The Visitor’s Center is an underground mall. You enter on one side and emerge via an escalator just in front of the Mosque.

If you are looking for an actual guided tour of the mosque by an expert, the Sheikh Zayed Grand Mosque actually offers 11 free tours to tourists daily! You can find the times here. We attempted to take one of these tours, but it was just way to crowded the day we visited. If you want to take a guided tour, I suggest arriving at least an hour early, if not more, to get in and to the meeting point, which on our visit was under the main entrance to the Mosque.

The meeting point for the guided tours was right under this entrance.


The self-guided standard tour begins with drop off at the Visitor’s Center, which seems to be a bit far from the Mosque.  In fact, its a small building with an escalator that goes town into a mall with lots of Western outposts, including McDonalds and Starbucks… Follow the signs for the Mosque entrance and have your tickets ready (or get in line to buy them here). Also, now is a good time to buy something appropriate to wear if you are not properly dressed. Lots of shops open for this purpose.

See, the Visitor’s Center is far from the Mosque.

Shops in the Visitor’s Center.

Visitors next line up and go through a security screening. Guests then walk down a looooong hallway decorated with some history about the Mosque. Visitors eventually reach an escalator that takes them up to the entrance to the Mosque. And don’t worry, if this seems like too much walking to you, there are golf-cart style vehicles that can ferry guests around this area.

Made it to the Mosque – even prettier up close!

Once out of the Visitor’s Center, guests are treated to some of the best photo ops of the Mosque. Feel free to walk around this area and take lots of pictures, of course keeping in mind that guests should act in a conservative manner at all times here. When finished without door photos, guests enter the Mosque through the main white entrance.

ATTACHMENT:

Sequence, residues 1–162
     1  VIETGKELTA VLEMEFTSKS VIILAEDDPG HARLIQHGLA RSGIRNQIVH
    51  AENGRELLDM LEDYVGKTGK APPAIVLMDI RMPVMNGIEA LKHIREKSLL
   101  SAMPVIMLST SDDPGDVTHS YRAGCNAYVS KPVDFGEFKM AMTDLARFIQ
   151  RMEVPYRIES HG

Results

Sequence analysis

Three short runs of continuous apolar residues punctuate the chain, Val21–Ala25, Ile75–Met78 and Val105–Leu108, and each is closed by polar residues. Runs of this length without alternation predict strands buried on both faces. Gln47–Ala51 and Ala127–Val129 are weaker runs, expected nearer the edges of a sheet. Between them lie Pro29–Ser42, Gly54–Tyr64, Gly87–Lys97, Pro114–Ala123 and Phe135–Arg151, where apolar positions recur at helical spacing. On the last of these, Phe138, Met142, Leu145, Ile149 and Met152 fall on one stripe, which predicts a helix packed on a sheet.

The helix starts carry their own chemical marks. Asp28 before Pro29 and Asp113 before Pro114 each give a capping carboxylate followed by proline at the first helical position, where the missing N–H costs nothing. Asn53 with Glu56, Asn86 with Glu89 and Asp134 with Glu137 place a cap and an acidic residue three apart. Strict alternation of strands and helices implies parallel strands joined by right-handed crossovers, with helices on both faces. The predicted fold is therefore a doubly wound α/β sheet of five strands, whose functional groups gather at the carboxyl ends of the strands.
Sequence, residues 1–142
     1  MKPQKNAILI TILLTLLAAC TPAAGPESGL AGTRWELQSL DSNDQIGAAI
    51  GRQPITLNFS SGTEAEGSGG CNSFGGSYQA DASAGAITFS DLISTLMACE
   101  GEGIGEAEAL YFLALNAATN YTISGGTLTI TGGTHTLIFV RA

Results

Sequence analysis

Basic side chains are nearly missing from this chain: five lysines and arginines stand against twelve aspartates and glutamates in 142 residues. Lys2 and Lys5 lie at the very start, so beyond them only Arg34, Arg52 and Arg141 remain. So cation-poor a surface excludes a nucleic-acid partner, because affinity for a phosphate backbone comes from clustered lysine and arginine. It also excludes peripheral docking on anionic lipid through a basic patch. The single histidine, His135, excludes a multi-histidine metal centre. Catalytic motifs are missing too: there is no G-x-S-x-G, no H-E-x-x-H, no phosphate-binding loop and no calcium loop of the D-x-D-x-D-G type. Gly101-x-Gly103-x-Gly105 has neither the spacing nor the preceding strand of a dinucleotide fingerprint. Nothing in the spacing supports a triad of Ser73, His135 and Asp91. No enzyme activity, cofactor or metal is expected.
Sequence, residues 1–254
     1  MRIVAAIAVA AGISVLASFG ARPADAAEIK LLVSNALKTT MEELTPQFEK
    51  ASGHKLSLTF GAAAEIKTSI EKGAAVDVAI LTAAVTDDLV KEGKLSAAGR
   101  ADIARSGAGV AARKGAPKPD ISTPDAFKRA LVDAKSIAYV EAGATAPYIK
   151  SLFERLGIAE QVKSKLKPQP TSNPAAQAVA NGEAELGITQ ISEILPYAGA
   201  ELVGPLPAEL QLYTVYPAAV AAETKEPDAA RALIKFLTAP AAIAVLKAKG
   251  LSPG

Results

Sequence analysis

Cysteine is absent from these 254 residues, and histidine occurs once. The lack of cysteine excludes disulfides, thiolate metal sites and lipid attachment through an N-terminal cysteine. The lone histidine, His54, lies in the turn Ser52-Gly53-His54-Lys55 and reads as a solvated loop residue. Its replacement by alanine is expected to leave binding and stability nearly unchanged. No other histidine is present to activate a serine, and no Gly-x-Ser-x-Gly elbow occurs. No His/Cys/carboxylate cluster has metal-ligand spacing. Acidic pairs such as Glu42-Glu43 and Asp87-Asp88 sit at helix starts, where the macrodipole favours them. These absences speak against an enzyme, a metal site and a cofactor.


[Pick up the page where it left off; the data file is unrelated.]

Here is Dan prior to going inside. As you can probably tell, it was quite hot (like 90 F!).

The Mosque from the front!

Once inside, tourists walk around that gorgeous white marble square, on which tourists are NOT allowed to walk. Photos are a bit more difficult inside due to the number of people, and this is especially true on crowded days. We did manage to get some good pictures!

The marble square is stunning.

Looove the reflections!


Tourists next make their way around the square and eventually into the Mosque for the first time. Tip – you need to scan your ticket again. Entry into the Mosque is into a STUNNING white room decorated with flowers. We both loooved this room.

Making our way around the exterior of the Mosque.

Just stepped inside.

The aforementioned white room.

Close up of the flowers.

Final one!

You next get to peek inside the Mosque and catch a glimpse of the world’s largest, and perhaps prettiest, carpet! There is also a stunning chandelier on display (I think this was the largest one). Guests continue back outside and around the side of the Mosque, past beautiful white arches in the building, eventually coming to another view of a smaller floral room and another glimpse of that carpet and chandelier.

I really love the carpet.

Me and the gorgeous carpet + chandelier.

The second white room.


After this glimpse, guests are let outside to walk alongside the Mosque back to where one entered.  This walk also offers fantastic views and photo opportunities.

This pool is seen leaving the Mosque.


Sheikh Zayed Grand Mosque: Sheikh Rashid Bin Saeed Street، – 5th St – Abu Dhabi – United Arab Emirates. Be sure to go to the Visitor’s Center.


Go, go, go – entrance is free! This is particularly nice in pricey Abu Dhabi.  Abu Dhabi also runs a public bus to the Mosque, so you don’t even have to take a taxi.